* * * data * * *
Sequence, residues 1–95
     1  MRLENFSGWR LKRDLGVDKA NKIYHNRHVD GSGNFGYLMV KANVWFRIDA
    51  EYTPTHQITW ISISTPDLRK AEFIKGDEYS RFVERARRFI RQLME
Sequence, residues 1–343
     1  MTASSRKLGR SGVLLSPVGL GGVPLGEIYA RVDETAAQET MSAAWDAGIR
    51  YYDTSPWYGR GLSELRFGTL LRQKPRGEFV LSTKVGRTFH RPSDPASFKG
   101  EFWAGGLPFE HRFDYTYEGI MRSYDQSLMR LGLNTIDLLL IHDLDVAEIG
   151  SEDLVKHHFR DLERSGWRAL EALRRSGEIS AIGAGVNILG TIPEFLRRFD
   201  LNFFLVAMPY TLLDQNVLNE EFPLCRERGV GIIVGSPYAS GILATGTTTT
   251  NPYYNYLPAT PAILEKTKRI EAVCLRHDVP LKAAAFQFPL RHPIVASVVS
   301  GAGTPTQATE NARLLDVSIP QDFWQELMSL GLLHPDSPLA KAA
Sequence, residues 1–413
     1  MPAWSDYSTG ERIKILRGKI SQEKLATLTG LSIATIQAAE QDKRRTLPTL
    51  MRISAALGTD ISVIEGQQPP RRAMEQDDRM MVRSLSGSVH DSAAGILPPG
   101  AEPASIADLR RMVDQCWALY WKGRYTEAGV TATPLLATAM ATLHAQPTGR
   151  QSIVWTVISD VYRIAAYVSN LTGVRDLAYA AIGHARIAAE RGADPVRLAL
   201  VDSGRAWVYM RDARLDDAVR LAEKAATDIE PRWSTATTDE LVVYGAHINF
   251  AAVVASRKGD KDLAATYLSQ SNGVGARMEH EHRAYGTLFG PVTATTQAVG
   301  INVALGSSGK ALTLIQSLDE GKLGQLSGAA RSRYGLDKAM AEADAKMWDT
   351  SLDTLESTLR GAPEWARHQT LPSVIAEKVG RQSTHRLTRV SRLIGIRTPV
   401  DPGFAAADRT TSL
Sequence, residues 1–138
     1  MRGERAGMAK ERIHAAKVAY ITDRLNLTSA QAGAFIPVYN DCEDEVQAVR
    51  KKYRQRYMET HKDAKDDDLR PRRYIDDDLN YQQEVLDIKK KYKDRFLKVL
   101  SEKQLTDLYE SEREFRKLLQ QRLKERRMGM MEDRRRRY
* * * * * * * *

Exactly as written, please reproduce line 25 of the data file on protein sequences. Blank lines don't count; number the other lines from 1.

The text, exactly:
   101  SEKQLTDLYE SEREFRKLLQ QRLKERRMGM MEDRRRRY